Red Kite, Cockley Cley, 30th January
A regular site for a finch and bunting near the Arms seemed to be quiet at first but further down the road I discovered a small flock including several Bramblings and at least a couple of Lesser Redpolls.
Bramblings, The Arms, 30th January
Lesser Redpolls, The Arms, 30th January
I've been keen to spend some time looking at gulls with someone who knows what they're looking at - and Pete Wilson kindly agreed to spend the afternoon gulling with me in Brecks. At the first site we saw 7 Red Deer as we arrived.
Red Deer, Tuddenham, 30th January
Turning to the gull flock Pete locked straight on to a Caspian Gull, a really interesting bird to study. Also 2 adult Yellow-legged Gulls here and an equally interesting Herring Gull x Lesser Black-backed Gull hybrid.
Caspian Gull, Tuddenham, 30th January
My first attempt to photograph the Caspian Gull failed as I moved the scope as I placed the camera on it, but when I brought the resulting image up on my laptop the next day I was surprised to see a first-winter Mediterranean Gull slap bang in the middle of it! Had completely missed that.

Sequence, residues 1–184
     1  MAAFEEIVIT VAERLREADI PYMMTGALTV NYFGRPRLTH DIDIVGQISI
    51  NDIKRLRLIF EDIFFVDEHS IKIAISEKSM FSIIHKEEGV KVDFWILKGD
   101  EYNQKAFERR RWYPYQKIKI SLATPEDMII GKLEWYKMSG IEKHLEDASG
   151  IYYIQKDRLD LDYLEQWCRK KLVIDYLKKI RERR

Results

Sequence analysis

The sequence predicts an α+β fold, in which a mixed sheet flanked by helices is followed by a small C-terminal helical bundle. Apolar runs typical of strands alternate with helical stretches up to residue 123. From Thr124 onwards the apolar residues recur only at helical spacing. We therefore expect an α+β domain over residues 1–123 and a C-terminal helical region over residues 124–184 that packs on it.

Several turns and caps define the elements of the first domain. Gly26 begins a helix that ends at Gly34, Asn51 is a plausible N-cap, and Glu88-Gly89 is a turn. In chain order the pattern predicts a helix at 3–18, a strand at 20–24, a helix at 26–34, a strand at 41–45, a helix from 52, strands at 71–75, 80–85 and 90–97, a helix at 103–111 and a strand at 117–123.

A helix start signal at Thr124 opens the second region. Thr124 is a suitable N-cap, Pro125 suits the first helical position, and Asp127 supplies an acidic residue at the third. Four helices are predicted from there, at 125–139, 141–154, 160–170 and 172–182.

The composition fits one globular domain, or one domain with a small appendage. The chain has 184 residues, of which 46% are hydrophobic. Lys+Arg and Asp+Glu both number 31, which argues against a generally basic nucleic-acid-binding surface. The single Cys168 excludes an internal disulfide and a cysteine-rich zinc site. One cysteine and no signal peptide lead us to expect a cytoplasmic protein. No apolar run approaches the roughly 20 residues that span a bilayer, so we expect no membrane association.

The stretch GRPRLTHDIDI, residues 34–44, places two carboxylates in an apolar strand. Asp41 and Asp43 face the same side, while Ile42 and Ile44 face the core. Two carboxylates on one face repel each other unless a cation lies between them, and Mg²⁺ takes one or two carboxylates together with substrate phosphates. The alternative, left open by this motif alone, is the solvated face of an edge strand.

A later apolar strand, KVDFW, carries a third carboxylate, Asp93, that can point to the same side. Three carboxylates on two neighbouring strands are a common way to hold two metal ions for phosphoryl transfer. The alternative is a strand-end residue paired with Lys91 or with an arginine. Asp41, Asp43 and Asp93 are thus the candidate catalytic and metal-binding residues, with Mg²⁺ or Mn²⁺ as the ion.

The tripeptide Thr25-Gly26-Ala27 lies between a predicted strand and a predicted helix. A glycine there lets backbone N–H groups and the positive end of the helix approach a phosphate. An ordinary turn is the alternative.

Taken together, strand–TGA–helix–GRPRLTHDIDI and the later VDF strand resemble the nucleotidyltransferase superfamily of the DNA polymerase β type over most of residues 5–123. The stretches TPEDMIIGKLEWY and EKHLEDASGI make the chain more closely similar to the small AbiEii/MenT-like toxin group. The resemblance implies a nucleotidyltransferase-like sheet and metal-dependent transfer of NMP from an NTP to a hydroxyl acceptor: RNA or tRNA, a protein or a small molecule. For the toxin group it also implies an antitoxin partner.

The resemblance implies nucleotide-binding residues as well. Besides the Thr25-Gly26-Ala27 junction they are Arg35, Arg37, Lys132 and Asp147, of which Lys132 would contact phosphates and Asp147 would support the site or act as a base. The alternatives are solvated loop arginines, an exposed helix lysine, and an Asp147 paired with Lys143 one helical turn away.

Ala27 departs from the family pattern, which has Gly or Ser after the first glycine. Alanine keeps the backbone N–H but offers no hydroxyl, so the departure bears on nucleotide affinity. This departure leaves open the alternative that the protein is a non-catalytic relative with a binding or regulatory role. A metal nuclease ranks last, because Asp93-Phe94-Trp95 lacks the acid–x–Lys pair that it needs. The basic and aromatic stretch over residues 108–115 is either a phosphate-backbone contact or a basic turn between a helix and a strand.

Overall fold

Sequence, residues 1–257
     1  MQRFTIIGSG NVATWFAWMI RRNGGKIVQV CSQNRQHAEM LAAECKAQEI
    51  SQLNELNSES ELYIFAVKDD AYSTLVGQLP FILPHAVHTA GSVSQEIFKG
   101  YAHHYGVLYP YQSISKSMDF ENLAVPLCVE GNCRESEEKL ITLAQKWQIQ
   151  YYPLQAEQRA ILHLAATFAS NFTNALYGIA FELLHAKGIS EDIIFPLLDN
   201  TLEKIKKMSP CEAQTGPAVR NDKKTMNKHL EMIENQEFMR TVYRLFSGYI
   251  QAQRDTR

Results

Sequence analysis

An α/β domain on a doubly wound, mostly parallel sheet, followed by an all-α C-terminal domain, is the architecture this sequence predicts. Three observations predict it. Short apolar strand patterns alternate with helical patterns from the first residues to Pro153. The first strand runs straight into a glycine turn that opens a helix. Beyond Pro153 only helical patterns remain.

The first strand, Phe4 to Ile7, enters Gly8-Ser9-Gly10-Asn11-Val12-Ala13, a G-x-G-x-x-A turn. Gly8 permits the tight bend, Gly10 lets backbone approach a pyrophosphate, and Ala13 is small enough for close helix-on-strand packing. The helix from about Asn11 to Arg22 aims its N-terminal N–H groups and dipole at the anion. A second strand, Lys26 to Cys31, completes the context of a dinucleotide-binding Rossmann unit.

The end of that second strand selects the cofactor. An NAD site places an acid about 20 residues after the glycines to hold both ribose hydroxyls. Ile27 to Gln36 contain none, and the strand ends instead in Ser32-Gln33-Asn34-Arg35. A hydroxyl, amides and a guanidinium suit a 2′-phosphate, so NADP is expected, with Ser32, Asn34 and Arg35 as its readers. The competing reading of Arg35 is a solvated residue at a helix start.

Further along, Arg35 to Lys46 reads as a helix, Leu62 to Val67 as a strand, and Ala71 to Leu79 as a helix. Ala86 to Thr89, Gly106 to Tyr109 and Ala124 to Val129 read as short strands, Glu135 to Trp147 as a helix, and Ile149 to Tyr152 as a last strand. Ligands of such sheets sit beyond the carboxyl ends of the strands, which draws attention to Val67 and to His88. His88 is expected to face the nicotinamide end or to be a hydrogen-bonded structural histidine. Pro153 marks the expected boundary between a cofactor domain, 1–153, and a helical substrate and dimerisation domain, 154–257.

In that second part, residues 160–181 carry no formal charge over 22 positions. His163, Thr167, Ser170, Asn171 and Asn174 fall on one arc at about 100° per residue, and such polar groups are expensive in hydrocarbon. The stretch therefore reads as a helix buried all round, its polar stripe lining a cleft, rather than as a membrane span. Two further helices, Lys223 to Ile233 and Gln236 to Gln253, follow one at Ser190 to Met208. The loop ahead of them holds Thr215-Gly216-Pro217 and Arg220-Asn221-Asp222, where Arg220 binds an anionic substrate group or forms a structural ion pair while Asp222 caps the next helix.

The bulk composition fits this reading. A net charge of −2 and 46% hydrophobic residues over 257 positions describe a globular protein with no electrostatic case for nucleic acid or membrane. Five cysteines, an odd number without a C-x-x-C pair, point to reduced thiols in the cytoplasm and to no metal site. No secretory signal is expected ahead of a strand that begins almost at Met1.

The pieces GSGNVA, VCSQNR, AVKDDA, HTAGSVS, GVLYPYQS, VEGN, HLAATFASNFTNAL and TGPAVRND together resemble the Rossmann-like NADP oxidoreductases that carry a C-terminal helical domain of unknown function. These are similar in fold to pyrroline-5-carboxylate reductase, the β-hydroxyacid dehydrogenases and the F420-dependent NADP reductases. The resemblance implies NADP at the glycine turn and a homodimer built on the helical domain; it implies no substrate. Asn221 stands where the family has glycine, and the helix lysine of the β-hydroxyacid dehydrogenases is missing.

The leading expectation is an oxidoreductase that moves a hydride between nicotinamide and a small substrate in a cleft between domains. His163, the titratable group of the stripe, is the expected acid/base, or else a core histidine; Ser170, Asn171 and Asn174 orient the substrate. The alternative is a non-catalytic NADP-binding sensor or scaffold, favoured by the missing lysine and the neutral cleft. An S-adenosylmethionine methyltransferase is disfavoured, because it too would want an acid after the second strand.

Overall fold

Mediterranean Gull, Tuddenham, 30th January
We tried some more pig fields the best of which held a few more birds of interest. Pete picked out a couple of big first-winter Herring Gulls belonging to the race argentatus, a taxon I've only ever been confident to identify in adult plumage. He also picked up on a Caspian Gull x Herring Gull hybrid, a bird I would certainly have overlooked. Too far for photos unfortunately but really interesting to study.
The gull roost at Lackford was great. I was impressed how Pete called out so many Yellow-legged Gulls on his first scan and I eventually got to see most of them. In the light I found picking out the adults difficult but the first-winters were the ones I was keenest to get to grips with. We had a detailed look at one of these which was really helpful, though I'm still a long way off mastering them! Pete logged 10 Yellow-legged Gulls in total, I think I saw around 8 of those. A first-winter Caspian Gull was great to watch - quite a distinctive individual in some ways. Another argentatus, this time probably a 3rd winter, was good to see but it was getting pretty dark before arguably the best bird turned up - the Iceland Gull (looking like an adult, but probably 4th winter as likely a returning bird that was 3rd winter last year). Also at least 3 Goldeneye on the lake.